- Why did Rhysand have a tax on city dwellers, but not tithe, as Tamlin demanded of the Spring Court? Why would Tamlin require such a thing if they appeared to have plenty?
- Why did Feyre want to paint the dark, fallen prince? What made her want to paint again, and what were some of the other images she desired to paint? What was the first thing she did paint and where? What did she paint for herself, after she had for others?
- What did the tattooed stars and mountain on Rhys’ knees mean? What did Feyre’s tattoo mean or what magic did it hold?
- What was the explanation for the feud between Tamlin and Rhysand, why Rhys had always taunted Tamlin?
- Why didn’t Lucien fight harder for Feyre, argue more on her behalf to Tamlin?
- Why did Rhys make the bargain with Feyre?
- How is Nesta different from most people, and what does she try to shield herself from? Why?
- How, and why, did Rhys allow Feyre to make her own choices and remain her own person? How was this very different from Tamlin? What decisions did she make, and why?
Rhysand smells of citrus and the sea. Mor also has a citrusy scent the first time she hugs Feyre. Rhys also often requested that Feyre have breakfast with him, which sometimes included scones or muffins. Once, the scones were cheese-and-chive. For that variation of this recipe, leave out the sugar, add another 1/4 cup of milk, and replace the orange and lemon with one cup of sharp cheddar cheese and 1/4 cup of chopped chives.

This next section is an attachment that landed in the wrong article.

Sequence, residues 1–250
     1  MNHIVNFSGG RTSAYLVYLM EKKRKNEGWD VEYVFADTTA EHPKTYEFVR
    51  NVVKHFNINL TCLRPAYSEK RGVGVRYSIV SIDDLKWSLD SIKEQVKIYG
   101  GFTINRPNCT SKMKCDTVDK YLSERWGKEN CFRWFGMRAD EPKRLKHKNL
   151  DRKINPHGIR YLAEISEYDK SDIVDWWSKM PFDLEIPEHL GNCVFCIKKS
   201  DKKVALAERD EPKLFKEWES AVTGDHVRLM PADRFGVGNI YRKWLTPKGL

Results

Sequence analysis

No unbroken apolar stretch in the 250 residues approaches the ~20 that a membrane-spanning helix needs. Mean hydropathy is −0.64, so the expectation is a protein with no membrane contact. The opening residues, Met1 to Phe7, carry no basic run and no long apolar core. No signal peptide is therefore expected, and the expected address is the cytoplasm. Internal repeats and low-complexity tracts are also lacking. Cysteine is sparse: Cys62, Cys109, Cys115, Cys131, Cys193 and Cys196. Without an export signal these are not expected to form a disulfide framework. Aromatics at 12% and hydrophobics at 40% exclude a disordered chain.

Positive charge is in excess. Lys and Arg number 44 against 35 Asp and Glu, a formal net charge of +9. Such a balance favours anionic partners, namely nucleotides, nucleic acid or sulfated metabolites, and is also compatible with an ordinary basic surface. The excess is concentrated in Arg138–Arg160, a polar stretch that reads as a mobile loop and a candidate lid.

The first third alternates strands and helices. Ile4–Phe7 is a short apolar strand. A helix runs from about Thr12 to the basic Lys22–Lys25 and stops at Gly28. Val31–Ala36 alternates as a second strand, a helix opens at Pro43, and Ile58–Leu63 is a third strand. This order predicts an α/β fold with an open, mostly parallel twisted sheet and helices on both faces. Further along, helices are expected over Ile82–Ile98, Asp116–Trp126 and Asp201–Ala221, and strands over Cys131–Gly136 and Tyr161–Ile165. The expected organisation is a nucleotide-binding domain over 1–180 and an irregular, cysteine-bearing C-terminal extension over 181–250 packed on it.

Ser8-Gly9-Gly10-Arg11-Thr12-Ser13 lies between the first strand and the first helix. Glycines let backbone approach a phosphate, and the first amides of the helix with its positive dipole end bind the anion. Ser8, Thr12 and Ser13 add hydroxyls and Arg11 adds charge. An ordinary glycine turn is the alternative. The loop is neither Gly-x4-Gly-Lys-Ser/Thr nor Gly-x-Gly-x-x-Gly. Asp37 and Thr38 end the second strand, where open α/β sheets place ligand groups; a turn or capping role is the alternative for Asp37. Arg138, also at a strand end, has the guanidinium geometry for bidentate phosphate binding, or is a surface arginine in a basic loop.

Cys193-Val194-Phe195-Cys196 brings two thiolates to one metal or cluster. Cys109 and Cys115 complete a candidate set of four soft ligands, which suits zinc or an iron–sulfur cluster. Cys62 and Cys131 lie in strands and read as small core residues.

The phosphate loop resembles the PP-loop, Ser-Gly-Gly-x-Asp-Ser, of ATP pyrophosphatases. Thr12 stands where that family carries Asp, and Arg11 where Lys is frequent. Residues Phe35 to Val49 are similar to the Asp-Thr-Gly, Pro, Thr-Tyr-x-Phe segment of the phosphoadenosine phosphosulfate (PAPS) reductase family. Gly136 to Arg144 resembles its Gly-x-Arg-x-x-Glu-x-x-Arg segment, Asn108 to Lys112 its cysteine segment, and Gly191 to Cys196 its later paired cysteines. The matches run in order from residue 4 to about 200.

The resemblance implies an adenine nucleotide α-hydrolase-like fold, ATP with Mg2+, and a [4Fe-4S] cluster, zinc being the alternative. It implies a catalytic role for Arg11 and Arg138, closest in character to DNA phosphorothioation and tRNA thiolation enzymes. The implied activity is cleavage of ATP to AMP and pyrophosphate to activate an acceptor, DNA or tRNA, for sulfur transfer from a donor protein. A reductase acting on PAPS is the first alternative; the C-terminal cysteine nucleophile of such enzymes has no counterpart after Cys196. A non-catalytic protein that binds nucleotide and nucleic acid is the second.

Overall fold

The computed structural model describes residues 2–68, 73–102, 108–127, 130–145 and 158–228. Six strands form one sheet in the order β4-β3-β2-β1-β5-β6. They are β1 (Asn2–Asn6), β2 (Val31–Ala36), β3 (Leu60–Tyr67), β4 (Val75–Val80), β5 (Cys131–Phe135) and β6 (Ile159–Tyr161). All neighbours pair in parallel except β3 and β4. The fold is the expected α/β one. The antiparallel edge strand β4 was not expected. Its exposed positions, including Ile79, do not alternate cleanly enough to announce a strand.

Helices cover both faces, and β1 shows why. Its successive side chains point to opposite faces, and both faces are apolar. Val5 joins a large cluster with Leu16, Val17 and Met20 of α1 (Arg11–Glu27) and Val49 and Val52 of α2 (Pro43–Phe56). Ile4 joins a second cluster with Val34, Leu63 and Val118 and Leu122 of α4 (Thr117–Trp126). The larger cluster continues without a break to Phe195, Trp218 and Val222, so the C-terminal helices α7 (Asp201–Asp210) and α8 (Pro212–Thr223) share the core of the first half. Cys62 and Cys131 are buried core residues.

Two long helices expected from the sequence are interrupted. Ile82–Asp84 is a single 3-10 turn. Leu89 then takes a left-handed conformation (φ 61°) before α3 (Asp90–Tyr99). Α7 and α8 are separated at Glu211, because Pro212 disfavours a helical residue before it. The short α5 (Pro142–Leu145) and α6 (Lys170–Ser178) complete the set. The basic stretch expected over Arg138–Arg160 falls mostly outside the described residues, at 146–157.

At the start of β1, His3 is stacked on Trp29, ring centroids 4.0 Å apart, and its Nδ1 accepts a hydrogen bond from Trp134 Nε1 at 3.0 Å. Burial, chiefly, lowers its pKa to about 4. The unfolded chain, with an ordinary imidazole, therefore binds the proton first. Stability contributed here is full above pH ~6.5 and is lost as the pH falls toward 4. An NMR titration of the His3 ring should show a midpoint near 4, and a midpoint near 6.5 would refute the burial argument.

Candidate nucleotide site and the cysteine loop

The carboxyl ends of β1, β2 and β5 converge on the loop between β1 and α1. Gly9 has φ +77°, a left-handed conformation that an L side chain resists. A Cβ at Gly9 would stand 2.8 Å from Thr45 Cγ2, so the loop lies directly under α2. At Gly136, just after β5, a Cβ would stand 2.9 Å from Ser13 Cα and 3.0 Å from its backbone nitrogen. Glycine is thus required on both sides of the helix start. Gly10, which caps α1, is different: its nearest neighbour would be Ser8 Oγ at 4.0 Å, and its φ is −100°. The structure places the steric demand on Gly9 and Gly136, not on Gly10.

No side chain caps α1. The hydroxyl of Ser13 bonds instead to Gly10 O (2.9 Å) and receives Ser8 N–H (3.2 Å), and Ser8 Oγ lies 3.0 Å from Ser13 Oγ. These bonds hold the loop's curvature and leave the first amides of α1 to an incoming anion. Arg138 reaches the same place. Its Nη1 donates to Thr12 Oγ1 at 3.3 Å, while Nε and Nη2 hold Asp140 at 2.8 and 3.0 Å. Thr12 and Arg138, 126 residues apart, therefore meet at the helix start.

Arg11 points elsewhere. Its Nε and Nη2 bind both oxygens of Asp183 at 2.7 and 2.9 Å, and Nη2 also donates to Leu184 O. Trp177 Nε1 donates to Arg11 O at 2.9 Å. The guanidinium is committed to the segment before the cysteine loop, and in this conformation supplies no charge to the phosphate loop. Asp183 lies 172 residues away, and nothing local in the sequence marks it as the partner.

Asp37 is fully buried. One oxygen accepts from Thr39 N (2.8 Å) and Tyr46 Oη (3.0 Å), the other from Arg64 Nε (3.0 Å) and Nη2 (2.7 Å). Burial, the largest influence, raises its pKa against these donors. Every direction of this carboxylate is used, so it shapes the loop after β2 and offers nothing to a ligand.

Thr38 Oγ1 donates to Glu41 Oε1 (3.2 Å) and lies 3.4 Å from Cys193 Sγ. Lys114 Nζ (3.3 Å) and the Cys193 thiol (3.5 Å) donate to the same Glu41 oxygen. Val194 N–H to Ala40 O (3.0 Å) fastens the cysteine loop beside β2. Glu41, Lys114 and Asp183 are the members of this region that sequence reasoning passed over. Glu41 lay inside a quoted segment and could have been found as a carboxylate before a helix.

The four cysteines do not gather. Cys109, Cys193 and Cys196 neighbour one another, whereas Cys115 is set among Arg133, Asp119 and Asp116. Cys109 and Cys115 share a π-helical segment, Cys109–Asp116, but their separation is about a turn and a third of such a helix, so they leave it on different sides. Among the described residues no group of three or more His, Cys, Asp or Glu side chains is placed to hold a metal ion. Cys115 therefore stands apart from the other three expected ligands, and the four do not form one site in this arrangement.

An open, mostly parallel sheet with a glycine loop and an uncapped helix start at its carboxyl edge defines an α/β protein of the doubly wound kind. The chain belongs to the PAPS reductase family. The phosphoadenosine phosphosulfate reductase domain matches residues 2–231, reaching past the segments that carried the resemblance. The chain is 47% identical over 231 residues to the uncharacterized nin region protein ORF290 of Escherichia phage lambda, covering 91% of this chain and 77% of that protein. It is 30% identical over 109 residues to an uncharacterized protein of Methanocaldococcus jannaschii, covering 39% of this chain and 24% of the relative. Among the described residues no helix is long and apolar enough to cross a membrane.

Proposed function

Citrus and Sea Salt Scones
- 2 cups plus 1/2 cup all purpose flour, divided
- 1/2 cup granulated sugar
- 1/2 cup (1 stick) salted butter, cold
- 1 tbsp baking powder
- Zest of two large navel oranges
- juice of one large navel orange
- Zest of two large lemons
- juice of one large lemon
- 1/4 cup whole milk
- 1 tbsp sea salt or kosher salt (or coarse sugar), if desired for topping
- Preheat oven to 400° F. Measure out flour, sugar, and baking powder and pour into a large bowl. Cut butter into 8 pieces, and using a pastry cutter, a potato masher, or a fork, cut butter into flour until it is in small pieces, smaller than the size of a pea. Then make a hollow in the flour, and add the zest, citrus juices, and milk. Stir together with a large spoon until a thick dough is formed.
- On a clean counter, pour about 1/2 cup flour in a small pile and dump the dough onto it. Using a rolling pin, roll dough out to about a half inch thick. Using a sharp knife, cut the dough into triangles, or into rounds using a cup, whichever shape you prefer. If you use rounds, you will have to re-roll the dough and keep cutting out the shape until all the dough is used. If you cut triangles and they are losing their shape, you can help reform them into triangles on the pan by pressing them into the natural triangle between your thumb and pointer finger, as shown in the pictures.